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Thursday, August 25, 2011

Where Should IROs Come From?

Here's my response to an item in
Inside Investor Relations about a survey finding that "the majority of top IROs [investor relations officers] have a financial background," that "three quarters of leading IROs worked in finance, accountancy or as an analyst before taking up a role in IR" and that "just 10 percent arrived via a position in corporate communications."

The finding that IROs come from finance etc. is not surprising.  It's been the trend for decades, and it makes plenty of sense, given the technical nature of the position.  What CFO wants to have to train a new hire to read financials and to understand securities laws, markets, the structure of the investment community, and the fundamentals of securities analysis?  

In addition, if the IRO position includes establishing rapport with professional investors, a background in the securities industry can be helpful.  The situation is similar to what appears to be developing in social marketing in the high tech industry-techies are being hired instead of marketing or PR types.  The situation is also reminiscent of the problem faced by editors when hiring reporters-should they opt for the candidate with extensive credentials in the subject to be covered, or should they opt instead for the candidate who lacks some or all knowledge of the subject but is a highly experienced researcher and exquisite writer? 

In the case of the IRO position, it would be great, of course,  if the IRO candidate had experience not only in finance and the securities industry but also in marketing or communications.  There probably aren't, however, many of those individuals in the job market.  Also, companies should be on the look-out for IRO candidates who-while lacking formal financial credentials such as an MBA degree, Street experience, etc.-nevertheless have an extensive IR track record.  It is not impossible, after all, for a communicator, attorney or other smart, focused executive to have learned the technical skills needed for the IRO position.  And not every IRO position need be a stepping stone to the CFO  job.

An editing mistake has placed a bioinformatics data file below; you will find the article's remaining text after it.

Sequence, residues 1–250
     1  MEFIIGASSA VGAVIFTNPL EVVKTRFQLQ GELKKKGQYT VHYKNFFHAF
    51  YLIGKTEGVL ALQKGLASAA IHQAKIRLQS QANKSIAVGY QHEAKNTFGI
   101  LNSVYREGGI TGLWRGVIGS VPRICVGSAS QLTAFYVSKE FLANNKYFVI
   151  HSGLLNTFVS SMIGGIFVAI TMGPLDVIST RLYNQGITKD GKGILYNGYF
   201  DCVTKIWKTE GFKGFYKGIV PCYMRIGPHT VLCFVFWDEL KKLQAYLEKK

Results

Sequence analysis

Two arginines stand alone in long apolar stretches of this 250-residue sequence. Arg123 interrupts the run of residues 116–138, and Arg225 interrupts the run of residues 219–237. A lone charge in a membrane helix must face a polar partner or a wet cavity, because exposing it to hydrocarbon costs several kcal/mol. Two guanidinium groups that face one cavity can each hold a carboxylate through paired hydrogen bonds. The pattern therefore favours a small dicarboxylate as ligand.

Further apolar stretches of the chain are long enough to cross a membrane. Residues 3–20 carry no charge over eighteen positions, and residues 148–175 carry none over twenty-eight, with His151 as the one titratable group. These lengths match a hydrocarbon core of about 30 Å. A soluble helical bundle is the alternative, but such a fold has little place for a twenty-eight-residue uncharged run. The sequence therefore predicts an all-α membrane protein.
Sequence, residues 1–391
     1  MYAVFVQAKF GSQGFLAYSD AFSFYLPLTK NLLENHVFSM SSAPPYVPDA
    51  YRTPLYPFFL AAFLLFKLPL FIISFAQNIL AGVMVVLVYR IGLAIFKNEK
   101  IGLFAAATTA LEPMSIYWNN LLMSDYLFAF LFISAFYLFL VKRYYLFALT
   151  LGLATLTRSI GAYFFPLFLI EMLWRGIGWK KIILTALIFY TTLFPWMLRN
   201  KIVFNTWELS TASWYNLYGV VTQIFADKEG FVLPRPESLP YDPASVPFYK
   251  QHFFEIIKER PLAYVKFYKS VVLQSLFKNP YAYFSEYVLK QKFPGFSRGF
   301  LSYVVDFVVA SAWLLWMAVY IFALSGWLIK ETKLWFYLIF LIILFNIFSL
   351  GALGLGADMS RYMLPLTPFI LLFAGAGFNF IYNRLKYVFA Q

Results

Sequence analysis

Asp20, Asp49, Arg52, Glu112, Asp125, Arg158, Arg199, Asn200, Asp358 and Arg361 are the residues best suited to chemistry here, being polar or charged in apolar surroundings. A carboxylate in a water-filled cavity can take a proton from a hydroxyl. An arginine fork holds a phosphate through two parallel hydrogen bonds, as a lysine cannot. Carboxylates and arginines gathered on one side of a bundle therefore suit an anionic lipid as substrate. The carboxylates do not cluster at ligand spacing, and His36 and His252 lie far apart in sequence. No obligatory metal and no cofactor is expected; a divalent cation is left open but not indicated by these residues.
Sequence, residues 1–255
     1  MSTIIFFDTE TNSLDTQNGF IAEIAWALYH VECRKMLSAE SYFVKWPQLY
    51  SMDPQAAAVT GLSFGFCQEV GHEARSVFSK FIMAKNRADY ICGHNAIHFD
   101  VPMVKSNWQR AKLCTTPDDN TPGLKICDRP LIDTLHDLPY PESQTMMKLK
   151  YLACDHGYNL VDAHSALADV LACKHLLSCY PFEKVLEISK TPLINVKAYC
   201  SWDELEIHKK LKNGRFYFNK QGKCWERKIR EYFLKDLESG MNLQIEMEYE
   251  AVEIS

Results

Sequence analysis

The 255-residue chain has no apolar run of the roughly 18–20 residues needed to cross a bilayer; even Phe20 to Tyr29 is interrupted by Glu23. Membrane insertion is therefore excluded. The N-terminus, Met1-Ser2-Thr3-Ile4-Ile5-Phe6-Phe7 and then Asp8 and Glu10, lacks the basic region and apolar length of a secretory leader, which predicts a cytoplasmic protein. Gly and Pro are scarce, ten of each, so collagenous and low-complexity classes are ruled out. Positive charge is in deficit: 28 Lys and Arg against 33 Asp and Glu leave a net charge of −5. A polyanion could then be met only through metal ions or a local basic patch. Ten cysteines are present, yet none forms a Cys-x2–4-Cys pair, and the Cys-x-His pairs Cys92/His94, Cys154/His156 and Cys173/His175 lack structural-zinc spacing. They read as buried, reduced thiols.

You can find my response posted on the publication's web site:  Inside Investor Relations .

-- Jeff Bogart

11:42 pm edt          Comments

Wednesday, August 24, 2011

Social Media Releases Continue a Long-time Trend

My previous posting noted that the term "news release" is not an apt synonym for "social media release.  Here's another insight about social media releases:  they are a continuation of a long-standing trend in corporate relations--communicating directly with the end audience instead of through a reporter and the reporter's newspaper, broadcast or cable outlet.  Exemplifying the trend is the distribution of financial news releases written for professional investors such as security analysts and fund managers and distributed directly to them rather relying on business journalists to report the news.  In other words, social media releases, although useable by journalists, continue the disintermediation of traditional mainstream media that began as early as the mid 1900s.


-- Jeff Bogart

3:09 pm edt          Comments

Tuesday, August 16, 2011

Social Media Releases Aren’t News Releases 

Recently, I’ve been spending time analyzing social media.  My interest is an outgrowth of interviews I conducted for a client with executives of advertising and public relations firms about the impact that digital has had on the marketing services industry. 
 One insight I’ve gained concerns the use of the phrase “social media release.”  At first I thought the phrase needed tweaking because it omitted the word “news.”  I thought it ought to be altered to become “social media news release.”  But then it dawned on me that “social media release” is a different concept.  It refers to communications directed to an audience much broader, qualitatively and quantitatively, than the news media, and it refers to content that is not just news.  I realized that the term “social media release” signifies content distributed or posted online for receipt directly by the end reader or for use by intermediaries in addition to or other than the traditional news media.  The content of the social release might not traditionally be considered “news.”   The difference between these terms--"social media release" and "news release" may be just a nuance . . . . or it may be a fundamental distinction on which to build.  We’ll see.  

-- Jeff Bogart

11:27 am edt          Comments


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